Digital health round-up: Could Nokia kill off digital health unit?
According to press reports, the Finnish tech giant Nokia is close to killing off the venture built around its acquisition of wearables firm Withings barely two years ago.
The Finnish firm has already launched a ‘strategic review’ of its digital health business, saying that all options are on the table.
But according to a company memo seen by The Verge, Nokia’s chief strategy officer Kathrin Buvac seems to be preparing to close the unit.
Nokia’s digital health business is based around the wearables firm Withings, which it bought in 2016 for nearly $170 million.
The idea was to use an app to link wearable devices acquired with Withings to Nokia’s suite of health products such as its wi-fi connected scale, Nokia Body, and a blood pressure monitor.
Also key to the business was a virtual reality camera that Nokia hoped would have applications in digital health.
But the camera has proved to be a flop because of its $60,000 price tag, and Nokia axed development in the autumn, also writing off the value of its digital health business and, with it, the Withings acquisition.
According to the memo, Buvac told employees that the business "has struggled to scale and meet its growth expectations".
“Rather than only falling in love with our technology, we must be honest with ourselves. Currently we don’t see a path for [the digital health business] to become a meaningful part of a company as large as Nokia," she went on.
Signing off the memo, she reportedly said: “Failing fast isn’t failure, it is accelerated learning.”
Nokia would neither confirm nor deny the authenticity of the note but said “there is no preordained outcome” to the strategic review process.
The Finnish firm faces intense competition from a growing number of tech companies that are trying to market digital health products – with Apple and Google some of the biggest firms involved.
UK leading the way with AI
Two stories emerged this week demonstrating the UK’s growing influence in the field of artificial intelligence (AI) as a tool to predict, and hopefully improve, outcomes in healthcare.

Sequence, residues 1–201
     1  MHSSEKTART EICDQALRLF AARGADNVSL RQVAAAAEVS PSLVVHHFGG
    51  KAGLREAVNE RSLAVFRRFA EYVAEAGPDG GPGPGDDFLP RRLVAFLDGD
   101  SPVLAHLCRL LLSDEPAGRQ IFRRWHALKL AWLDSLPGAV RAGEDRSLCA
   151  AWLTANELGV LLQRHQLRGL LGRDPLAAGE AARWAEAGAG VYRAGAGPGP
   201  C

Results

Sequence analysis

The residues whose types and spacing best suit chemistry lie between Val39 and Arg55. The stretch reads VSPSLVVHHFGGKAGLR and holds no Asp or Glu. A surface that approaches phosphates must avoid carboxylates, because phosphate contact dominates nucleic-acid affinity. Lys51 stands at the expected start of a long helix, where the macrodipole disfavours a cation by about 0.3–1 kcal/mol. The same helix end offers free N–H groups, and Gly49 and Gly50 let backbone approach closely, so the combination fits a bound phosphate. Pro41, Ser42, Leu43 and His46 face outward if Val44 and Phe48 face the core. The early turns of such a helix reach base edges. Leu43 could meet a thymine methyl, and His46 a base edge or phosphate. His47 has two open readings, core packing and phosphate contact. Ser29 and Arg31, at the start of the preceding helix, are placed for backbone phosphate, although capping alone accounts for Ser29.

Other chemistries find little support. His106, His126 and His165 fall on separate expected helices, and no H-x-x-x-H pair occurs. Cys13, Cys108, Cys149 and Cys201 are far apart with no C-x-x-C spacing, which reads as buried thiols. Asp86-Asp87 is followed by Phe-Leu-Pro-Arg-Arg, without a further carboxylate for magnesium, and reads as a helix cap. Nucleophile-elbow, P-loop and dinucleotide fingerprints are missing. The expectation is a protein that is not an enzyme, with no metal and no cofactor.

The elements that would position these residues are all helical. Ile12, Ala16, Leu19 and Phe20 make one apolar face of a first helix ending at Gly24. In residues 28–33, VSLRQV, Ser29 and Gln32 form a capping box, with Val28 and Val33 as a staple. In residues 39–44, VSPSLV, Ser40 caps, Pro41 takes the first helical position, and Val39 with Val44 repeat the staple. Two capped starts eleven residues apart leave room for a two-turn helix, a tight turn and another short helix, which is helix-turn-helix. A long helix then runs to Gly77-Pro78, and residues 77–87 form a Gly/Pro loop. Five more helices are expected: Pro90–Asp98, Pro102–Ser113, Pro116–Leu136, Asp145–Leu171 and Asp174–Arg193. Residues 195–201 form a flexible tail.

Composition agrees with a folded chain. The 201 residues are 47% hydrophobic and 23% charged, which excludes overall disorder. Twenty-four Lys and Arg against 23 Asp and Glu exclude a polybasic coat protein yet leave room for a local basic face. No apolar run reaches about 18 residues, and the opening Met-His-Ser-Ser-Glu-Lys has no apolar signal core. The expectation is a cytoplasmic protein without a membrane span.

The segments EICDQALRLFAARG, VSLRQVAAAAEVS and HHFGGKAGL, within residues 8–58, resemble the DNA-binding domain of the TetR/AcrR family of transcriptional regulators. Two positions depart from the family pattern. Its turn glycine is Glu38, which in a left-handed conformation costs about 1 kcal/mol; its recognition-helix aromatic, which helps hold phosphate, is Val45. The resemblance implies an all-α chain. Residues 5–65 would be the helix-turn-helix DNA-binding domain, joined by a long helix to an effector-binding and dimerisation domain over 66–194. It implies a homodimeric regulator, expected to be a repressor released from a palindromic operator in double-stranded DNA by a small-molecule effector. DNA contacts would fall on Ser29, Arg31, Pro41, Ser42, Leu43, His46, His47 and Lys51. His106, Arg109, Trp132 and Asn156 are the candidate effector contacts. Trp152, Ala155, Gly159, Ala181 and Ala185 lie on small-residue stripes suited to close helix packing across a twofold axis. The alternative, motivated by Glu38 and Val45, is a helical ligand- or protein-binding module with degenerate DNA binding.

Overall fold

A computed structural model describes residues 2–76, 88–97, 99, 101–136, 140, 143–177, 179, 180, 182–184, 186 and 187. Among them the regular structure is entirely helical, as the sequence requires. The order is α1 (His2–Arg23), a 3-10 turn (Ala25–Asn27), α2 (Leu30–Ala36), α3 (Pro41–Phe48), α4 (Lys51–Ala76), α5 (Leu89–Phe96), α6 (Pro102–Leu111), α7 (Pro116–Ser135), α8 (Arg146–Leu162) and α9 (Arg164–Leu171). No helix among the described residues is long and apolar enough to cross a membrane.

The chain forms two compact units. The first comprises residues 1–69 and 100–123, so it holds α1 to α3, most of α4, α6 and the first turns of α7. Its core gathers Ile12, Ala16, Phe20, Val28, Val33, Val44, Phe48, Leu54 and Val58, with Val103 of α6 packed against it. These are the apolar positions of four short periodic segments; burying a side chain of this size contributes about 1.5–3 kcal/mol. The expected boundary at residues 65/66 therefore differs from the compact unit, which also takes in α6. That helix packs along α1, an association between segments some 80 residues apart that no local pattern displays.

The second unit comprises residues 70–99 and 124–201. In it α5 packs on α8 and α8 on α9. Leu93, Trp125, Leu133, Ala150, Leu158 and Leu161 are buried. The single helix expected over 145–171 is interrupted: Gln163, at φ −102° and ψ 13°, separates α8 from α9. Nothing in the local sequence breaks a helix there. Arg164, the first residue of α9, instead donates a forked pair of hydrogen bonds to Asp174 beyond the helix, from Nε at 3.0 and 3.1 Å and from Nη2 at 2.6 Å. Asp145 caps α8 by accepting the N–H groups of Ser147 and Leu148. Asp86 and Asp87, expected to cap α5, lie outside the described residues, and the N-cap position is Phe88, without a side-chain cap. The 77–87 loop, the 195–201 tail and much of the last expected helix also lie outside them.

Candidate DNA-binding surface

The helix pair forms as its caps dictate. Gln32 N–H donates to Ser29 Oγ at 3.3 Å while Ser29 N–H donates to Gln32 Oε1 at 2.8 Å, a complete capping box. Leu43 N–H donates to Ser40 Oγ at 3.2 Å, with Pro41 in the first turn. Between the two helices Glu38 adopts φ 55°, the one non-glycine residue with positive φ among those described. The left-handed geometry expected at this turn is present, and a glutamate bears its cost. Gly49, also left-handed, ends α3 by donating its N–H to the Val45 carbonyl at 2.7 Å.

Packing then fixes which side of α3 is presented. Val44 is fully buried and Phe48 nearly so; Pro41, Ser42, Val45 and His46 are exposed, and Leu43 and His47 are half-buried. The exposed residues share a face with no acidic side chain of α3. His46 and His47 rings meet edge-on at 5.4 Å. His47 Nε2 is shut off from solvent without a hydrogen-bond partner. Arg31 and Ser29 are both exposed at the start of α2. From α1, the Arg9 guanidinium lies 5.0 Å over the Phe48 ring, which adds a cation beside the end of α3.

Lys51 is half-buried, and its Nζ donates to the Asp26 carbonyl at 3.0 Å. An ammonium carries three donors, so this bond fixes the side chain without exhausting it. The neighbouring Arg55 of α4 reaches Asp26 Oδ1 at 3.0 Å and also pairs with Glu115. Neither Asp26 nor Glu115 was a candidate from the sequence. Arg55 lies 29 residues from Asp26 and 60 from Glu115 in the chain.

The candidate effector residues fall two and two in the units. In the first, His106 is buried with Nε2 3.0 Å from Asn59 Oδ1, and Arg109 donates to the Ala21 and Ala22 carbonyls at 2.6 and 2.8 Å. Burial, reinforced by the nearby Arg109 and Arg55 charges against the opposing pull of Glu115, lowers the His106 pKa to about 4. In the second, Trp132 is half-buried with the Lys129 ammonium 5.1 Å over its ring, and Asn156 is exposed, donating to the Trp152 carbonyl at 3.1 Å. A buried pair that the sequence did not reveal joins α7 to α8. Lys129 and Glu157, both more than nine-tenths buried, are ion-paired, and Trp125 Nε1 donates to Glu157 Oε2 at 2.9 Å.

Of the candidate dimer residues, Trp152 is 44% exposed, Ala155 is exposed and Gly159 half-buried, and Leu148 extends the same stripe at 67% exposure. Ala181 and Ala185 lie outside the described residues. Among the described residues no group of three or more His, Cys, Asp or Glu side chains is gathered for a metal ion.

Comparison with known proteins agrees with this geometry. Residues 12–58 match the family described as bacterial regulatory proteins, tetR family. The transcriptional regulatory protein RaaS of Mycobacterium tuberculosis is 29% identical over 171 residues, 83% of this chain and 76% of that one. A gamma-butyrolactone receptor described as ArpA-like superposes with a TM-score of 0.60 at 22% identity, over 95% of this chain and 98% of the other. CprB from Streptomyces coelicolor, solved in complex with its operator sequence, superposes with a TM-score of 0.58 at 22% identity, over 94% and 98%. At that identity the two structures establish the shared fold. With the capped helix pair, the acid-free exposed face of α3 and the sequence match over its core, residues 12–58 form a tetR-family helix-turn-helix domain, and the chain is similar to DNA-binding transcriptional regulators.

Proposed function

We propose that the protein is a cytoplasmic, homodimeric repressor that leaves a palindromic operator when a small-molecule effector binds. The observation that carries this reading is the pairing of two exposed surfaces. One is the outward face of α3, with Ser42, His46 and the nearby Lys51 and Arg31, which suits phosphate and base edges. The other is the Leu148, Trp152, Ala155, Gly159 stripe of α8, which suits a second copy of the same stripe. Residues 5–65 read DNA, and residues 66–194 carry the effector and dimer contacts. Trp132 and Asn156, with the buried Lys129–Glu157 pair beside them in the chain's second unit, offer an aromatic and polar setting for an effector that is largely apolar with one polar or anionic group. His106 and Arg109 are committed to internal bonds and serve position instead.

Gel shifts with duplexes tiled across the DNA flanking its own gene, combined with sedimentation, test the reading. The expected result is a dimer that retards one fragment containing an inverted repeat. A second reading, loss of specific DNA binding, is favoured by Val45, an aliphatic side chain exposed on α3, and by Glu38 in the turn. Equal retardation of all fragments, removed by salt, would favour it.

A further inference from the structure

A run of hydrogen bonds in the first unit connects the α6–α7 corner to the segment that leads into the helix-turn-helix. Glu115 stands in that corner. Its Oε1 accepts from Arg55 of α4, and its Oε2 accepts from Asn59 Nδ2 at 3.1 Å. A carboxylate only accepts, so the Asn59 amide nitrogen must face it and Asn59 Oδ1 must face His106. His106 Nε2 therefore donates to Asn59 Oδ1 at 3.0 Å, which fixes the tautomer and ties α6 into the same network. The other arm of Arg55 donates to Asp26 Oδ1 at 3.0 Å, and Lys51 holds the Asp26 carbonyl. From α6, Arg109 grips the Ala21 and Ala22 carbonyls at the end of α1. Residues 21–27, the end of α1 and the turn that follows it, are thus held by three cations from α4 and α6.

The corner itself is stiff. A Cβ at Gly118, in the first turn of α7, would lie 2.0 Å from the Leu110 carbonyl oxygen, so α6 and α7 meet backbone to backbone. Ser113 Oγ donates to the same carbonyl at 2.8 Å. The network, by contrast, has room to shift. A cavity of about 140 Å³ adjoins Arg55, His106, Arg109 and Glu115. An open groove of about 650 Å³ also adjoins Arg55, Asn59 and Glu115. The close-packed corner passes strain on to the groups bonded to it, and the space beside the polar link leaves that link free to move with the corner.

AI company BenevolentAI has bought a drug discovery and development facility at the Babraham Research Campus in Cambridge for an undisclosed sum.
BenevolentAI's new R&D base
The firm has built an AI technology that can read and understand biomedical information, which could help discover new medicines and potential cures for currently untreatable diseases.
Based in King’s Cross, London, the company’s acquisition of the new Cambridge facility will allow it to work across the drug development process from end to end – from discovery to late clinical development, a first for an AI company.
The acquired drug discovery and development facility has a large scientific team with expertise in assay development and screening, medicinal and synthetic chemistry, drug metabolism and pharmacokinetics, pharmacology and clinical development.
The Cambridge team will integrate with BenevolentAI’s drug discovery scientists, using AI to rapidly advance the right drugs to the right patients.
One of the few British ‘unicorns’ – private companies with a market value above $1 billion – BenevolentAI has already begun research into 19 new drugs.
It is working with the Sheffield Institute of Translation Neuroscience to find drugs to treat the crippling neurological disease amyotrophic lateral sclerosis, famously affecting the cosmologist Stephen Hawking and around 140,000 people a year globally.
Other projects include a two-year agreement signed last year with MRC Technology to investigate new small molecule and antibody drug candidates.
UK Biobank data used to predict heart problems
Data from the UK’s Biobank experiment played a key role in a new AI system that can be used to predict heart attack risk using retinal images, according to new research backed by Google’s parent company, Alphabet.